It took a few weeks of back-and-forth, but eventually, finally, there it was — our first client contract draft. Fewer things make an entrepreneur happier than seeing that first agreement in place. Little did I know that this isn’t where the finish line. Instead, we were just getting started.
When you get that agreement, your excitement is usually followed by a million other questions. Chiefly among them: “What do I do now?” Fortunately for us, I have had a few years experience negotiating agreements. But for many startups, they are either left staring blankly at the stack of papers or simply sign blissfully. As you know, bringing an attorney to the table is the ideal response. However, as a startup you may realize that this is much easier said than done in the beginning.
So many people try to go it alone. If you are one of those people, you are likely going to have to negotiate certain terms. You may be nervous to counter with anything, for fear the contract may go away. However, clients are typically used to negotiations and if they have a contract to pay in front of you, you have already convinced them of your worth. So here are some ways to manage
If you are trying to go it alone, here are some things to look out for in agreements you are asked to sign:
Issue: Payment Terms
When you receive your first agreement, the first unfamiliar things you may say is “Net-#” (e.g. Net-60, or Net-30). This is important, because it tells you when your invoice will be paid. Some new B2B (business-to-business) entrepreneurs may not realize that, unlike in the direct-to-consumer market, businesses don’t always pay immediately and upfront. Net 60 means that the customer has 60 days from receipt of the invoice to pay. In the beginning, you may be thinking, “They can pay me whenever. I’m just happy to have the contract!” But remember that the longer it takes for you to receive payment, the longer you have to service their contract using your own funds. For many companies, this becomes a difficult cash flow issue, because you can have tens of thousands of dollars in receivables and still potentially be bankrupted.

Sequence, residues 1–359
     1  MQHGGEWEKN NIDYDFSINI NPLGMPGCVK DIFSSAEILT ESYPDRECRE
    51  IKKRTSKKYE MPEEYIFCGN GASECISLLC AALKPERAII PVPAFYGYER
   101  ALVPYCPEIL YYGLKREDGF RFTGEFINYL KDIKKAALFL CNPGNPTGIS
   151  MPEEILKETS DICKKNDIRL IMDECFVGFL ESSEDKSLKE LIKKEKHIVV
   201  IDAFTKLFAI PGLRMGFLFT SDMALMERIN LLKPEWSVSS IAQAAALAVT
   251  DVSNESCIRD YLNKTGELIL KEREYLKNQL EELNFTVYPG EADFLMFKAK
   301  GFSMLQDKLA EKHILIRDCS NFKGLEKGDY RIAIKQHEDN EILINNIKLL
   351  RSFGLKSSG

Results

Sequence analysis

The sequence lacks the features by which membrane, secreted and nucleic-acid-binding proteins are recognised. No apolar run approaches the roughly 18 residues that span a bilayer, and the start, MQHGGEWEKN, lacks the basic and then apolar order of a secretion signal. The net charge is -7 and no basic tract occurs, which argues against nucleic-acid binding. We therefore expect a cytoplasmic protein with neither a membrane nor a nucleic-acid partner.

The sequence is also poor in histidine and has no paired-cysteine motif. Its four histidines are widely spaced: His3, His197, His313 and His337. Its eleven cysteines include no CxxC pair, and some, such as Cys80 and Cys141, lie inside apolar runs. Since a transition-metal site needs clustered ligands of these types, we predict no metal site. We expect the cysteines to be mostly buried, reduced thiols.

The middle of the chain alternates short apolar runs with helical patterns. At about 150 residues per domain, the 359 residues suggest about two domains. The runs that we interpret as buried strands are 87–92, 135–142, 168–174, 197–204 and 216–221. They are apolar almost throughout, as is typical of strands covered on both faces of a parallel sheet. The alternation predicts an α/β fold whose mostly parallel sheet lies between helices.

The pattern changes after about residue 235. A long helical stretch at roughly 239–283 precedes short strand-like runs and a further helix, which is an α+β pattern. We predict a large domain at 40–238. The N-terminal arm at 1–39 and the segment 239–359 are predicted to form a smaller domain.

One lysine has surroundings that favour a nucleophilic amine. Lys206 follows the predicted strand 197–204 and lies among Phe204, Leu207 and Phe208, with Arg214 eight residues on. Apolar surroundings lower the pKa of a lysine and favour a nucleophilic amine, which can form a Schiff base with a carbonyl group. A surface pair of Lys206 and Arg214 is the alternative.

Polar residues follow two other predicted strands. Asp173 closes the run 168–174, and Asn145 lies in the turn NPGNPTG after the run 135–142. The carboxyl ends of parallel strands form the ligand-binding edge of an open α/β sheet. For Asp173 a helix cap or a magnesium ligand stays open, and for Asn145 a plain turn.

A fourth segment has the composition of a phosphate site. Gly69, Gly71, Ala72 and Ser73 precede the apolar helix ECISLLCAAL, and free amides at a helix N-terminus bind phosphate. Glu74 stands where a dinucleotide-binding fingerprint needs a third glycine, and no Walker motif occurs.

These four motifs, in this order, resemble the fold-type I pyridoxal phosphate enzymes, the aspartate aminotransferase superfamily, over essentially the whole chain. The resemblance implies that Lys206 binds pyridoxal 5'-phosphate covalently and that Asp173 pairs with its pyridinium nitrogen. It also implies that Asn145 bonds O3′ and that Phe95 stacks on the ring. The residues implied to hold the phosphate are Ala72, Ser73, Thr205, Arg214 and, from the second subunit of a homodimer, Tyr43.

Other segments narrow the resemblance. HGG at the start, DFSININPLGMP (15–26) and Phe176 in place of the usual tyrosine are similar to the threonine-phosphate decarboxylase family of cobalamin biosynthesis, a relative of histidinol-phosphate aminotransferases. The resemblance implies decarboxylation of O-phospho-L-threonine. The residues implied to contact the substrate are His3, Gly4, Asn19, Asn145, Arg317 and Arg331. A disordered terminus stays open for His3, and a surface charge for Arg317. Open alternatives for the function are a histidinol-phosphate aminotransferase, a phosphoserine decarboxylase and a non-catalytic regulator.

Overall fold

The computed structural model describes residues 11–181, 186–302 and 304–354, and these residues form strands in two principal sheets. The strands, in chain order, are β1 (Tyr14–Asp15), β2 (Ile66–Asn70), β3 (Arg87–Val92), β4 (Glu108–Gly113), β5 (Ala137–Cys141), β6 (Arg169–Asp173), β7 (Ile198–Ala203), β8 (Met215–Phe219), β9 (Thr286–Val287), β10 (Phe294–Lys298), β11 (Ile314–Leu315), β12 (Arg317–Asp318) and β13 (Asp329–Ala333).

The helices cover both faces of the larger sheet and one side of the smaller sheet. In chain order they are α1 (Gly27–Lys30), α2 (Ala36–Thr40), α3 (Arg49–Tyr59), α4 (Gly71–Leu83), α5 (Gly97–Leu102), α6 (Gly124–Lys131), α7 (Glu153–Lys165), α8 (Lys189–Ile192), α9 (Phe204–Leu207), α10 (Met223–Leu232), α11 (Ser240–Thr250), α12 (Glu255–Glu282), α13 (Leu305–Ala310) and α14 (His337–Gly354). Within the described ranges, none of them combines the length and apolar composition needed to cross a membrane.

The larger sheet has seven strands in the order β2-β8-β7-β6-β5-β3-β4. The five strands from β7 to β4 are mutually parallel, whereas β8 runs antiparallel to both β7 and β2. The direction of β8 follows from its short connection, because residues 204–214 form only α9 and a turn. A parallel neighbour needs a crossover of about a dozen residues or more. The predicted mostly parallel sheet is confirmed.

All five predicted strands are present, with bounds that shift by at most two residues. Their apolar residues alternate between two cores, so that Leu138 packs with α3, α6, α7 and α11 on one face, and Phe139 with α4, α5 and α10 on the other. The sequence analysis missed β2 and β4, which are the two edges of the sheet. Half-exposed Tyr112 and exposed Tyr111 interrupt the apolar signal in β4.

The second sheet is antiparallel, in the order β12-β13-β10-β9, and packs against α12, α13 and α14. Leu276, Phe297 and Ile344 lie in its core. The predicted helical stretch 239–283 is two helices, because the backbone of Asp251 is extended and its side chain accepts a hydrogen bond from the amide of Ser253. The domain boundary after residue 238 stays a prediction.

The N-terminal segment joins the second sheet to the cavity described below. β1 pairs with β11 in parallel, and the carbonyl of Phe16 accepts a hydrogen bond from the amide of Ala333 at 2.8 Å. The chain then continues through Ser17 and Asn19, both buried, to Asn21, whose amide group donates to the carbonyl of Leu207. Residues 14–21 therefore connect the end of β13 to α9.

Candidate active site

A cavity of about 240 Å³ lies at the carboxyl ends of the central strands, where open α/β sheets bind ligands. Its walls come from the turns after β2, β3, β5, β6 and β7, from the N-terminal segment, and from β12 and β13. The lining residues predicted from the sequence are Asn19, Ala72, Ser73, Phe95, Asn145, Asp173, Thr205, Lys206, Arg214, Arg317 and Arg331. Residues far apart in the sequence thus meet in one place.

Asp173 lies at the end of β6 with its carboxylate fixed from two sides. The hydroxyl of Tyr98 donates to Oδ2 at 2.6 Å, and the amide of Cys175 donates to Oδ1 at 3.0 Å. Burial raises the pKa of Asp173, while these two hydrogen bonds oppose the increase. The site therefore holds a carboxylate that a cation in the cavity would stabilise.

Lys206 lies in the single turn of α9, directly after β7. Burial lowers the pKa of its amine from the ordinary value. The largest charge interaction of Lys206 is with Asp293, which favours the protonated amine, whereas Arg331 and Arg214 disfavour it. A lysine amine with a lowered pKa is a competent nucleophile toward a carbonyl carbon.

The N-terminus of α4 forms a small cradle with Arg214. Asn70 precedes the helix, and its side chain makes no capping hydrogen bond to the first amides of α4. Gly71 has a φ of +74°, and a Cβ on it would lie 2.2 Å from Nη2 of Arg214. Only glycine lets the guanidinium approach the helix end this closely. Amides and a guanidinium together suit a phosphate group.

At the same time, the client needs to manage its expense and risk expectations as well (after all, you are a new startup!). So there must be a middle ground for both of you.
How to Manage:
(1) Negotiate a smaller net. Push for a net-15, but typically it will be net-30 at the lowest.
(2) Invoice more frequently. The net terms clock doesn’t begin until your client receives your invoice. Therefore, if you deliver your entire product/service, and then deliver your invoice, you could be waiting for months or even up to a year to receive payment on something you have already expended costs on. Instead, break your product/service into milestones along the way that you can invoice for. For example, rather than one $20,000 invoice for a SAAS product that is a year in length, you can invoice $4k for initial setup, $4k for the in-person orientation, and $1k per month for license to the SAAS product.
(3) Offer incentives for earlier payment. At times, companies have been known to offer a discount on pricing for upfront payment. This strategy is really dependent on your costs of foregoing that payment. For example, some contracts for good will say 2%/10 net 30, meaning that there is a 2% discount if paid within 10 days. The reason why it’s cost-dependent is because you are in effect giving an annual discount of 36.7% to your client if you go this route (read more here: http://www.smbiz.com/sbspec385.html).
(4) Offer discounts for upfront payment. At the same time, upfront payments can be one of the best ways to finance your company’s growth. And that growth is something both you and your clients (who are investing their time in your product as well) want to see occur. In this case, it would be ideal for you to negotiate an upfront payment.